Science in my Science Fiction: Literacy?

I’d intended to follow-up this month on last month’s entry on dark matter, and do something similar about dark energy. I will do that in the future, either here or on my own website, but I left it a little late (blame a friend of mine for distracting me, and she knows who she is). It’s an easier topic than dark matter, because we know less, but I do want to do it properly.

What I want to talk about is the general issue of scientific literacy. Why is it when people go to see a mediocre drama, they complain about the acting or the unrealistic characters, but when they go see a mediocre science fiction film (“sci-fi”), with bad science, they forgive criticisms with “it’s just a movie!”

Does this bother anyone else?

The only reason I can see that there’s a difference between the two situations is that people are trained on a daily basis about how people behave, but have no expectation or understanding of basic physics/biology/geology, or at least no concern about it.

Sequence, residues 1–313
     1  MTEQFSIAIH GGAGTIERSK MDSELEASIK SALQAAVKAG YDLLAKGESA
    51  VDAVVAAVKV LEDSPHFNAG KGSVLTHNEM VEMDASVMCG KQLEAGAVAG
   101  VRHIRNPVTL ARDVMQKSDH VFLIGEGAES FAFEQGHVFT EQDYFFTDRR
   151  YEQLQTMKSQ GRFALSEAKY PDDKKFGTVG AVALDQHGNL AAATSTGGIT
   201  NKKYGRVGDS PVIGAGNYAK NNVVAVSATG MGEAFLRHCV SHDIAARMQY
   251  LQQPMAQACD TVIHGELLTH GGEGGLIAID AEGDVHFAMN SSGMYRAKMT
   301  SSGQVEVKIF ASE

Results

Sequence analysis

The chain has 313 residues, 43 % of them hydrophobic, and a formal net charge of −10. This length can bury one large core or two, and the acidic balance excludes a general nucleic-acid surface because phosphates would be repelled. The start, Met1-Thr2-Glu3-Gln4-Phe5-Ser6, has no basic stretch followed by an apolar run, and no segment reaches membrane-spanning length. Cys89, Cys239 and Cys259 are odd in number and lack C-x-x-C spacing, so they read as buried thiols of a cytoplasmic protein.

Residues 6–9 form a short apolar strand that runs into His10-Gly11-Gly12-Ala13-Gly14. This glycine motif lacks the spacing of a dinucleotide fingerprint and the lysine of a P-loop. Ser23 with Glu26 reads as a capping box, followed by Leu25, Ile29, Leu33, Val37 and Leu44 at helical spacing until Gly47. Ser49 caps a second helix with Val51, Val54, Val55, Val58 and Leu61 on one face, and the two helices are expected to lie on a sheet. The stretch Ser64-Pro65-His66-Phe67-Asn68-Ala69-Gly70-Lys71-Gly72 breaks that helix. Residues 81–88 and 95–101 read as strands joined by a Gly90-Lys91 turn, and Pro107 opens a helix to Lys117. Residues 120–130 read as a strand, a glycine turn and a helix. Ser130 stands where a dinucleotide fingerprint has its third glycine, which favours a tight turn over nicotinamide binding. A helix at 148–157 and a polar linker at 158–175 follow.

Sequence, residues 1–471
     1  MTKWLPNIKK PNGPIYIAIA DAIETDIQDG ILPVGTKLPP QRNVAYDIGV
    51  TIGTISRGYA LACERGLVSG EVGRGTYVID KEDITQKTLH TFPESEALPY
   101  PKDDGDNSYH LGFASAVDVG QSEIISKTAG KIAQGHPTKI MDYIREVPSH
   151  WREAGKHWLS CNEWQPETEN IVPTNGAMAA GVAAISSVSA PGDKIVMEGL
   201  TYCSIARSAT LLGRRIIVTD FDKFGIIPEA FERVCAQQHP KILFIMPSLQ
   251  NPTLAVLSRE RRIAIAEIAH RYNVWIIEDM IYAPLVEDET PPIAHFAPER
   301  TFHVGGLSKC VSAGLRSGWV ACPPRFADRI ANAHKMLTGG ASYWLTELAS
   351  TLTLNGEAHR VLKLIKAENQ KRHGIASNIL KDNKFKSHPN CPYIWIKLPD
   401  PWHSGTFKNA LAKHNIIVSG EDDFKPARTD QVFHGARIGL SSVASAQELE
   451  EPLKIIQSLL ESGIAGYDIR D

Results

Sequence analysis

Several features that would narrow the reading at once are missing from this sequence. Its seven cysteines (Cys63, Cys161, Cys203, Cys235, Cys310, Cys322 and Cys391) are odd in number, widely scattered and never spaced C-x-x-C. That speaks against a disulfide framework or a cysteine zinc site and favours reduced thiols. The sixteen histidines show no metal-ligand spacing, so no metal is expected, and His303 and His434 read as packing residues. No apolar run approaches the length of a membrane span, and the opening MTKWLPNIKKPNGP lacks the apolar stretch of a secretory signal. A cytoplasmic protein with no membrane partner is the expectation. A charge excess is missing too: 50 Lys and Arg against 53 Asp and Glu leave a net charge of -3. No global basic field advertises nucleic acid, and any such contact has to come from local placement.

I think that sucks.

Our expectations are too low. Our understanding is too low. I’m not talking about individuals here necessarily, but as a people. It’s like how at a party it’s forgivable when people admit to math phobia, but admire high culture. I think that’s bullshit, and we should call people on it.

We live in a technological civilization. You’re reading this on a system using the most advanced technology available to our species. Without modern science, we would all begin to starve and start fighting massive wars. To deny this, in even as simple a way as saying “It’s just a movie” is to deny the reality of our world.

There is no modern reality, no existence, without our science and technology. It can be denied locally, but without global acceptance (as demanded by economics), you die. So please, accept it culturally as well. To do otherwise is to deny reality and the intellectual integrity that must accompany the perception of our reality.